So far, gene studies have not shed much light on the question of how ALS develops and who gets the disease. A geneticist says the studies have to be bigger, wider, and deeper.
Though only 5% to 15% of cases of amyotrophic lateral sclerosis (ALS) are clearly linked to family history, researchers suspect that genetics plays a larger role than has been documented.
Writing in JAMA Neurology Russell Lewis McLaughlin, PhD and colleagues at Trinity College in Dublin, Ireland’s Smurfit Institute of Genetics calls for large-scale genome sequencing of patients with ALS.
In a review of existing studies, McLaughlin noted that genetic factors are widely considered to contribute to “sporadic” ALS, defined as all cases that have not been clearly demonstrated to be linked to a family history of the disease.
Mysteriously, though, despite increasingly large genome-wide association studies, the search for specific gene loci has not borne fruit.
“A substantial proportion of sporadic and familial ALS cases remain to be explained by genetic risk factors and the question of the ‘missing heritability’ of ALS is therefore an ongoing focus of intensive international research,” the team wrote.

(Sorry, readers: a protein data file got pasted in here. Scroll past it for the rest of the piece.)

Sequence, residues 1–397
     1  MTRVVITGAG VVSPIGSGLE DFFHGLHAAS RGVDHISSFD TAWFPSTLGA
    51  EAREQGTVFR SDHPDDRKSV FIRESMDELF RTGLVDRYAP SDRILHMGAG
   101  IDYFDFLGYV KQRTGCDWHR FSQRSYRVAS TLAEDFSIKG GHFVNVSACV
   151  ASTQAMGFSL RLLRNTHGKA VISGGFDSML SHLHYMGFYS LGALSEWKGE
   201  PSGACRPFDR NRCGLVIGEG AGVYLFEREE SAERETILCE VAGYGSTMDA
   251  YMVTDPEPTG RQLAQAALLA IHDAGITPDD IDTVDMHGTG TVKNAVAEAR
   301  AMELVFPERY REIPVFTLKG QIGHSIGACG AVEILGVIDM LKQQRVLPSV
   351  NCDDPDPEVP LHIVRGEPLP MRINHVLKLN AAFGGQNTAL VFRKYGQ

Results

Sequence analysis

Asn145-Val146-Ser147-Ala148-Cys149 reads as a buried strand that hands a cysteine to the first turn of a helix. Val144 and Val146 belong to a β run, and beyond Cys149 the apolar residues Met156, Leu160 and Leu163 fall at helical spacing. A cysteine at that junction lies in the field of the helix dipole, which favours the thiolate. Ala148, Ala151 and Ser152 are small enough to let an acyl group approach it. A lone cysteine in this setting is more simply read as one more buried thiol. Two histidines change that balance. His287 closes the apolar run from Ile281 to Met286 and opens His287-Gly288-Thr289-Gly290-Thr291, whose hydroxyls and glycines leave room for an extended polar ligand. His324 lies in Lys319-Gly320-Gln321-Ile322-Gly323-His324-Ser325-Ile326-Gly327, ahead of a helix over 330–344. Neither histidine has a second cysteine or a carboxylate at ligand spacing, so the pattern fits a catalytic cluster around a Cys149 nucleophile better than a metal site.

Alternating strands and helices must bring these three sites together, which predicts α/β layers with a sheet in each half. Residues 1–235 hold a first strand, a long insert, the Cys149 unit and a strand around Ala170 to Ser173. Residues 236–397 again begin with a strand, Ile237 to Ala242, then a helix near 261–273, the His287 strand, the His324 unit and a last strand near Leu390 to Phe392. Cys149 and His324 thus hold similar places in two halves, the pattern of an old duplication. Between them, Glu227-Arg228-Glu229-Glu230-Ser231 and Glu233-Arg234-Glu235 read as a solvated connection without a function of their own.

Some scientists have suggested this search be abandoned, that researchers are “chasing ghosts” in hoping that genetic studies will lead to better understanding and cures for many diseases.
Particularly controversial is an analysis known as “genome-wide complex trait analysis” (GCTA), a software program and tool that looks for genetic similarities in unrelated people using large databases, then looks for correlations to the incidence of disease.
Such studies have been done to look for traits that may contribute to getting ALS.
McLaughlin believes this approach has promise.
“Twin and pedigree studies tell us that a large proportion of ALS is likely to be due to genetic risk factors, and the different but complementary outcome of GCTA analyses tells us that these risk factors are incompletely tagged by common variation in the genome,” he wrote.
The implication is that undiscovered genetic causes of ALS are probably “numerous and rare,” and possibly from de novo mutations.
“Although this renders the discovery of causative mutations more challenging, it supports the necessity of larger and more fine-grained genetic studies in ALS,” he wrote. Those should include “next-generation sequencing as the preferred method for the discovery of genetic risk factors.”
Genome sequencing in families with ALS, and continuing studies of ALS in identical twins “will help to identify and expanding number of de nova mutations that will in turn contribute to our incomplete understanding of this devastating disease,” he concluded.